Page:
6 Reasons Cruise Control Isn't Working - Subaru Service Questions in Salt Lake City, UT

If all of your driving consists of short trips with lots of stop lights and stop signs, you may never need cruise control. But if you take highways, it can be a useful tool. It's especially useful for longer highway trips, as it can reduce fatigue while you're driving. If your vehicle's cruise control isn't working, it may make your drive less convenient, and it could also signal other problems with your Subaru. Below, you'll find six possible reasons for faulty cruise control.

Person holding a blown fuse

6. Dirty or Malfunctioning Cameras (Adaptive Cruise Control)

This problem only applies to adaptive cruise control. This type of cruise control, part of the Subaru EyeSight® suite of driver assist features, uses two cameras to sense the location of other cars in front of you. If these cameras are dirty, blocked, or not functioning as they should, adaptive cruise control may not work as it should. Fortunately, this Subaru safety system is engineered to let you know if something is wrong with the cameras, but it's still a good idea to check them for obstruction. If everything seems fine, it may be time for a trip to the service center to get everything checked out.

Cruise control buttons on steering wheel

5. Blown Fuse

The fuses play a very important role in your vehicle's electrical system, since they protect the wiring and electrical components. If the system suddenly experiences a surge of energy that could damage something, the fuse blows, breaking the circuit to prevent further damage. To see if a blown fuse is the culprit, find the fuse box and locate the fuse that corresponds to the cruise control. Remove it and perform a visual inspection. If the filament on the inside is broken, the fuse is bad. An intact filament means it's most likely fine. If the fuse has been blown, you can replace it with a new fuse of the same amperage. However, we still recommend getting things checked out, since a blown fuse could be due to a deeper wiring or electrical problem.

4. Malfunctioning Brake Pedal Switch

When your cruise control is working as it should, stepping on the brake is an immediate way to turn it off. The same is true when you step on the clutch pedal, if you're driving a car with manual transmission. When the brake pedal switch or clutch sensor is malfunctioning, it could be sending a signal to your Subaru, telling it that you're constantly stepping on the brake or clutch pedal--even when you're not. This, in turn, will make it impossible to turn the cruise control on. However, that's not the only thing you need to worry about. A faulty brake pedal switch could lead your brake lights to work improperly, so it should be taken care of immediately for your safety.


3. Damaged Physical Components

Depending on how old your vehicle is, you may have one of a number of cruise control types. The oldest kinds of cruise control were purely mechanical, where a cable connected to the throttle on one end and a vacuum actuator on the other. After these mechanical systems came electro-mechanical cruise control, where a servo was in charge of adjusting the throttle. Newer systems use a TAC motor instead. No matter which variety your Subaru has, there's one constant: there are physical components that could become damaged. Damage to any of these components could cause the cruise control to stop working partly or entirely.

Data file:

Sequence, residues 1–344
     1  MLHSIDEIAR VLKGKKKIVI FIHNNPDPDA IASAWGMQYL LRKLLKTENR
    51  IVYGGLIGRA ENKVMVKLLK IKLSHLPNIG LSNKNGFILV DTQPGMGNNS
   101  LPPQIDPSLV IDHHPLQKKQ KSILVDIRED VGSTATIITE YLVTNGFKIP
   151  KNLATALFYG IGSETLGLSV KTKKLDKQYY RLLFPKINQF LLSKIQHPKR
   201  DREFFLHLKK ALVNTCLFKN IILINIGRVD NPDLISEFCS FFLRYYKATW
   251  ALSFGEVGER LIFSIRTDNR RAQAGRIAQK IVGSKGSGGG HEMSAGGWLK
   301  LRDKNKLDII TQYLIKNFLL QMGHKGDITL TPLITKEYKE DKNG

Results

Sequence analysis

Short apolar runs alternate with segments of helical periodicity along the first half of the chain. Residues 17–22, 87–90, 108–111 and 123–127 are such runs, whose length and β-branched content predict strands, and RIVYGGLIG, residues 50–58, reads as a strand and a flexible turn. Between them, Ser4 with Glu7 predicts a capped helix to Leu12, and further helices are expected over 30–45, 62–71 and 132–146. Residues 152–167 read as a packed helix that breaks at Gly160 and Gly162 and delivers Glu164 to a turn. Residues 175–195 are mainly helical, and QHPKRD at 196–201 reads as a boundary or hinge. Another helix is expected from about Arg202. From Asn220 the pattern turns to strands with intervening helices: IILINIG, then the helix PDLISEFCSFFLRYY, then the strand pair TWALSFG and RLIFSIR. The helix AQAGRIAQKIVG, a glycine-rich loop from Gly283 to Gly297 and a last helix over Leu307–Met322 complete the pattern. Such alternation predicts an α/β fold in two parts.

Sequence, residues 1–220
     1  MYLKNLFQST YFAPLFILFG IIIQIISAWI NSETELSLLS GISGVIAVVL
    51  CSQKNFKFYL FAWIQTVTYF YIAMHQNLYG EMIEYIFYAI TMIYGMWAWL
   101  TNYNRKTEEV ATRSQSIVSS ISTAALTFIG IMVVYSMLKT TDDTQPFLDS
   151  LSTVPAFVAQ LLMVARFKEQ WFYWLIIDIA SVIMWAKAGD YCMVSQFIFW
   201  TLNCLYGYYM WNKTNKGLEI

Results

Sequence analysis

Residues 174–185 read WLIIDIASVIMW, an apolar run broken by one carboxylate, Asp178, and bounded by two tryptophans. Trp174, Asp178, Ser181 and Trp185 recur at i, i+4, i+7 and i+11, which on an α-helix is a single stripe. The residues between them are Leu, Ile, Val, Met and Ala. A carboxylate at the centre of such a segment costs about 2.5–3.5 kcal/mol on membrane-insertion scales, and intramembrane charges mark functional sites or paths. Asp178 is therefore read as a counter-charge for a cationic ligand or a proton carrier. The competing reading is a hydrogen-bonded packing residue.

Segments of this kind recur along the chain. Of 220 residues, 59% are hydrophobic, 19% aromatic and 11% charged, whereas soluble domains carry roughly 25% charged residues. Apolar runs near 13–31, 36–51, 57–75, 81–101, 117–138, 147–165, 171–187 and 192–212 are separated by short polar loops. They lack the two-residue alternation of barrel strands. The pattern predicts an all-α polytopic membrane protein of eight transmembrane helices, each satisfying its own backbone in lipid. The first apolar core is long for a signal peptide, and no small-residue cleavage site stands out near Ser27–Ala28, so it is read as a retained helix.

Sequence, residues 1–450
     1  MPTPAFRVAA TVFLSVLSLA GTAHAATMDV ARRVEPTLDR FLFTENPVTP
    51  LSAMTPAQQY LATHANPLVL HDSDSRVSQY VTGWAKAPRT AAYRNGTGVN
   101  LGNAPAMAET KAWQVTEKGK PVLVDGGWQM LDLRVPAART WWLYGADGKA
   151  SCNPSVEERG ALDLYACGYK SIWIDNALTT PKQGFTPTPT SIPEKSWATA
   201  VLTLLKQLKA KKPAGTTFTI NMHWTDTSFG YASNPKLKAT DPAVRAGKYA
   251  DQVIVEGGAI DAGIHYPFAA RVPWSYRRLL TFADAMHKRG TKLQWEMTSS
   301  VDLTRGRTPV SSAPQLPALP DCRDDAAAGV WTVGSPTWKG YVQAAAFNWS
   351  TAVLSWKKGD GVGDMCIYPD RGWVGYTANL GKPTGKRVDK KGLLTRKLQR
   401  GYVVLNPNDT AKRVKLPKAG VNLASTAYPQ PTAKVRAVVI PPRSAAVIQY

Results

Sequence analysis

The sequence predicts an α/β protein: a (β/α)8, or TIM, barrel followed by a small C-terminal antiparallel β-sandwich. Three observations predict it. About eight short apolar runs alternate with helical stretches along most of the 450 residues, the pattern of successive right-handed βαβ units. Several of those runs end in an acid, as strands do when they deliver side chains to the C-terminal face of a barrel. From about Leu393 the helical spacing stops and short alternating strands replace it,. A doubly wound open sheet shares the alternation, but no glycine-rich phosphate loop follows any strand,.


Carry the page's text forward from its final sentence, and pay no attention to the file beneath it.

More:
2. Computer Issues

Modern vehicles use computers to help them perform at their peak. These computers are also called control modules. The Engine Control Module is sometimes used to regulate the cruise control, though certain cruise control systems have their own control modules. If one of these computers is malfunctioning, the cruise control may be affected. Replacing the control module may be the best way to fix the problem, but it's a good idea to check with the dealership first to make sure that there are no technical service bulletins out for your vehicle's control module.

1. Speed Sensor Problems

Modern vehicles are equipped with two different types of speed sensor. The engine speed sensor monitors the crankshaft to see how quickly it's spinning. In some vehicles, this information is displayed on a tachometer. The transmission speed sensor measures how quickly your car is moving down the road; this is displayed on your speedometer. A problem with either of these sensors can lead to trouble with the cruise control. In addition, you may find that the speedometer, transmission, and other components may be behaving oddly.

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Nate Wade Subaru

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Directions Salt Lake City, UT 84111

  • Sales: (801) 658-9379
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